had been poured into the other entirely,
    and I stopped using it then
    as a weapon.

    It seemed a cruel use of vocabulary.
    Speaking of cruelty, I can’t help but weep
    when I consider the life of Joice Heth
    whose body, even in death, was someone else’s spectacle,
    whose suffering was no less than infinite,
    heavy as endless buckets of water colliding into a gulf
    a grand showcase of laughing waves, crashing the shore
    and winking at the grains of sand for their pretense of grandiosity.

    Maybe it is all perspective, bending with time.
    Is time a line, or a circle?
    Are we standing at zero or infinity?
    Is it ingenuity or exploitation?
    Is an elaborate hoax to be scorned or celebrated?

    Neither the sand nor the stars are infinite,
    but they offer a grand show.
    A brilliant display of possibility,
    a quantifiable image to lend this vast vocabulary
    to the dream of something greater.

    And what is greater, more infinite, than our dreams?
    Are we not the most stunning display of blue and bite?
    The most illustrious outpour of story and song?

    May we learn from our history.
    May we transform our finite breath
    into a stunning cascade of tomorrows,
    may we build a world of infinite compassion, courage and creativity –
    I believe it will be the greatest show on earth,
    to infinity

    (and beyond).



    On Bob and booze

    Aug. 9
    A Meet the Cast Bianca Mikahn 600Written by Guest Host Bianca Mikahn
    (Pictured right in May 2016)
    Lecture Topics: Prohibition and Bob Ross
    Lecturers: Jason Hanson and Doug Blandy 

    Bob was once drunk off power
    off his hands and all they could spill

    Thirty years before
    maybe his family would have been driven
    by his bust 'em up demeanor
    to the voting polls
    But then Bob got hooked on painting’s joy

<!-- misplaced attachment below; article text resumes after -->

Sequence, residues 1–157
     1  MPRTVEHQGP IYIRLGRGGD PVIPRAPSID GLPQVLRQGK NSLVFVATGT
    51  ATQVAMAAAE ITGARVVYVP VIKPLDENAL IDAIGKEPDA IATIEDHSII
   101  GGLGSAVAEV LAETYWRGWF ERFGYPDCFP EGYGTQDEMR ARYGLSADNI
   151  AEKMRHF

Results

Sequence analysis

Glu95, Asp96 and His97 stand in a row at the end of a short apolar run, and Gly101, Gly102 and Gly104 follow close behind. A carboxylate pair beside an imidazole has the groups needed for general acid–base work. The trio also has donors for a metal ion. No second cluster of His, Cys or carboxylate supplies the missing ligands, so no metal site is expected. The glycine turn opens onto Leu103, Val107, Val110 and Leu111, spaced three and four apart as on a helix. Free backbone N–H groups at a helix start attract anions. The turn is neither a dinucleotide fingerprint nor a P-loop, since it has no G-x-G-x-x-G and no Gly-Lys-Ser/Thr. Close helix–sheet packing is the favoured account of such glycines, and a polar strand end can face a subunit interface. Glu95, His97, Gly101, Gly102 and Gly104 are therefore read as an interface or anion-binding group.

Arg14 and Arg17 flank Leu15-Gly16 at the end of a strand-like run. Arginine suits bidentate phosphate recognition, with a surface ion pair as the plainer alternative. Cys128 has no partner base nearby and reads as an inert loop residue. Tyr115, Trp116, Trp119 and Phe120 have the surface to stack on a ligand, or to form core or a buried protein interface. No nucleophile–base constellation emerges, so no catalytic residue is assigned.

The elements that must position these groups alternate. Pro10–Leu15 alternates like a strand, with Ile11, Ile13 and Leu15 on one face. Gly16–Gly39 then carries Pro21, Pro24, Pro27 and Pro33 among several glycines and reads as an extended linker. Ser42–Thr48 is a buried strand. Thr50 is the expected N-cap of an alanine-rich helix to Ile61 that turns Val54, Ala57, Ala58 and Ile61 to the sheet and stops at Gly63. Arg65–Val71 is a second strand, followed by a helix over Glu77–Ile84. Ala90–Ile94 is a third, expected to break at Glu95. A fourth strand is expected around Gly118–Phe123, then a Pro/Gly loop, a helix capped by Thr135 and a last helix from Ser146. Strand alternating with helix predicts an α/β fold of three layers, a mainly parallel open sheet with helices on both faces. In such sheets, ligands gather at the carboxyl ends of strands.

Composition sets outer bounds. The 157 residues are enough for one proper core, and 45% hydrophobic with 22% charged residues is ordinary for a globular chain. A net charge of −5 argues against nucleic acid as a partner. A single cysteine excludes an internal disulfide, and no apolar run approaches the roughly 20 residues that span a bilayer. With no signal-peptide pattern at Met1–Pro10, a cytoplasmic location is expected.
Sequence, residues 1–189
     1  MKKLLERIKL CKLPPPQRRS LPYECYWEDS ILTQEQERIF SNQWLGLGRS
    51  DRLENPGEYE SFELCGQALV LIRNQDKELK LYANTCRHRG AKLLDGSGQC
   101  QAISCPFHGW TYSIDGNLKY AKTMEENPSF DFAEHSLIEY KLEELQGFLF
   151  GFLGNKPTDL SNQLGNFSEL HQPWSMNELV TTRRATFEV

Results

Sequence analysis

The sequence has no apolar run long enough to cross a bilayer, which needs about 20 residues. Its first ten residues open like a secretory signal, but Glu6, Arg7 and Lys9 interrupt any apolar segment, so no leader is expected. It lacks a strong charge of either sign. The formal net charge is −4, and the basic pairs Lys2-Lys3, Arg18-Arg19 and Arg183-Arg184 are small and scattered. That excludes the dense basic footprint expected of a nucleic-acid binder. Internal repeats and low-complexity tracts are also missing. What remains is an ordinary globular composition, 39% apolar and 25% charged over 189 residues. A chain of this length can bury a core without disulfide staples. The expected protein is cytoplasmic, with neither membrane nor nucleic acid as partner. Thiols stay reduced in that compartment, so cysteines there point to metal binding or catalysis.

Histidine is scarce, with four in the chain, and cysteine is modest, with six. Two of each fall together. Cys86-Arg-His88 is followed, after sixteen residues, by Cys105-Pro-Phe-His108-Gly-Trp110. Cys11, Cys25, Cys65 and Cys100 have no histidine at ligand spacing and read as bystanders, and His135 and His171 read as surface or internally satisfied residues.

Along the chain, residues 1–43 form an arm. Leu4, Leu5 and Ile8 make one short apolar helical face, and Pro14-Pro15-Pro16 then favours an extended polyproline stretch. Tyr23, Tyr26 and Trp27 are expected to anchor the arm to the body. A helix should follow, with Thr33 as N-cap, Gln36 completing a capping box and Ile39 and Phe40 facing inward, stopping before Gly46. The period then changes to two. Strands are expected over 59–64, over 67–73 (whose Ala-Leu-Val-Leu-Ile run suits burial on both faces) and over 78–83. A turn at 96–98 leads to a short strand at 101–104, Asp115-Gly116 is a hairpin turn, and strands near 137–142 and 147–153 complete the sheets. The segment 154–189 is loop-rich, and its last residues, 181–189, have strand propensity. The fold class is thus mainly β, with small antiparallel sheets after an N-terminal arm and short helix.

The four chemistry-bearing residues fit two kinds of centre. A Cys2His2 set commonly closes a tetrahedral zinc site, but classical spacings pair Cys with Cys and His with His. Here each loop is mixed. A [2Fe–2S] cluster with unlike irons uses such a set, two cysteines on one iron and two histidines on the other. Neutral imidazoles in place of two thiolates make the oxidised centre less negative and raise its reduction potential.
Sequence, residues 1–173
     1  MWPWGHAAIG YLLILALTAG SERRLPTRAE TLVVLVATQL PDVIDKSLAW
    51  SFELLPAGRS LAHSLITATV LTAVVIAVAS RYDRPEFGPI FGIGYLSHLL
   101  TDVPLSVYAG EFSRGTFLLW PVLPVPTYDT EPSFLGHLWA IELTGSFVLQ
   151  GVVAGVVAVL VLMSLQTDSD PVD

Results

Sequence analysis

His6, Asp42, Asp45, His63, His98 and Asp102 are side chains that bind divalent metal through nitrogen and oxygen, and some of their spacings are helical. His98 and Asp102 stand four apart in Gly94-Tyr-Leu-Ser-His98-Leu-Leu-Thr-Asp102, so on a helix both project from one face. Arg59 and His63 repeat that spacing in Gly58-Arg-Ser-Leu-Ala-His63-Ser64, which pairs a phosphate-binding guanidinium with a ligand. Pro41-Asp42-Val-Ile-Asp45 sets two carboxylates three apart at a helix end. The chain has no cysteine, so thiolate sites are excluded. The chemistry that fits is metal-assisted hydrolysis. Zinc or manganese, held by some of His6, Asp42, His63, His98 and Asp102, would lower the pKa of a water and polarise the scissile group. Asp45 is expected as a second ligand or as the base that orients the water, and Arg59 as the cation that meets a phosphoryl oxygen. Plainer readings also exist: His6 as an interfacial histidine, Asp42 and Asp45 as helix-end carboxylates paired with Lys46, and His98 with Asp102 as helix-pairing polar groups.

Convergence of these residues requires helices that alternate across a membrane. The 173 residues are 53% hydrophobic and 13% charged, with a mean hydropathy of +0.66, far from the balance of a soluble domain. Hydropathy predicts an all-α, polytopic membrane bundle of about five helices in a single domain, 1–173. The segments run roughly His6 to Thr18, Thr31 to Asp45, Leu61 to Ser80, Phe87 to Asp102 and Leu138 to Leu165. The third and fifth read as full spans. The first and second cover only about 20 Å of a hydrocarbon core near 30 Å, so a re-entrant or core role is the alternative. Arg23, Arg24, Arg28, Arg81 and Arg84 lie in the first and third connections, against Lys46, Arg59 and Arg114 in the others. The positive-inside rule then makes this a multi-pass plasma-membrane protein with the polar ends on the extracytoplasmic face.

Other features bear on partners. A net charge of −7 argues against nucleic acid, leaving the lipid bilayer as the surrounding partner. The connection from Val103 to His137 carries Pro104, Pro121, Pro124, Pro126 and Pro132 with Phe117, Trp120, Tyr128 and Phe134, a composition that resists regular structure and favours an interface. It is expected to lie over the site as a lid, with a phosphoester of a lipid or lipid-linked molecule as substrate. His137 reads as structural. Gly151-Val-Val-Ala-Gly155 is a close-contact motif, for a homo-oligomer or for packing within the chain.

I wonder
    before he fermented his feelings into
    the nectar of inspiration
    Was his voice
    a rough and burning moonshine
    a howling across brand new highways
    while false McCoys raced in the distance
    How many distillations did it take
    to find the perfect smoky earthy pitch
    lulling so many of us to comfort
    like a perfectly aged red

    Mr Ross is famed for saying
    “there are no mistakes”
    I wonder had he witnessed to the
    dehydrated hypocrisy and
    Overreaching amendment which was the eighteenth
    Would he have maintained his floating
    and free demeanor
    Or would he revive his famed military fire
    for access to the saloon

    Mixed Taste Aug 9Maybe his only intoxication was the palette
    Most likely he would have found a
    favored speakeasy
    (which should be called Bob Rosses
    if time continuum allowed)
    A single malt
    Maybe a dear friend

    Bob Ross was my bartender
    the first to fill my cup with color
    and affirmation
    Replete with seasoned ice and
    landscapes which burned so good going down
    Temperance comes from the Latin word
    temperar which means to restrain
    Tempera is a form of paint and means
    to paint in distemper
    May we generate a toast
    to the eschewing of prohibition’s temperance
    less temperar renders us
    each of us little burgeoning Bobs
    Missing our happy little trees and forgetting
    there are no mistakes
    Just happy accidents



    On Growth and Dirt 

    Aug. 2
    By Suzi Q. Smith
    Lecture topics: Asparagus and Money Laundering
    Lecturers: Carol O'Meara and Micah Schwalb

    To grow asparagus, it must be planted deeply,
    like an oil drum full of money.
    It helps to have good real estate to bury it in.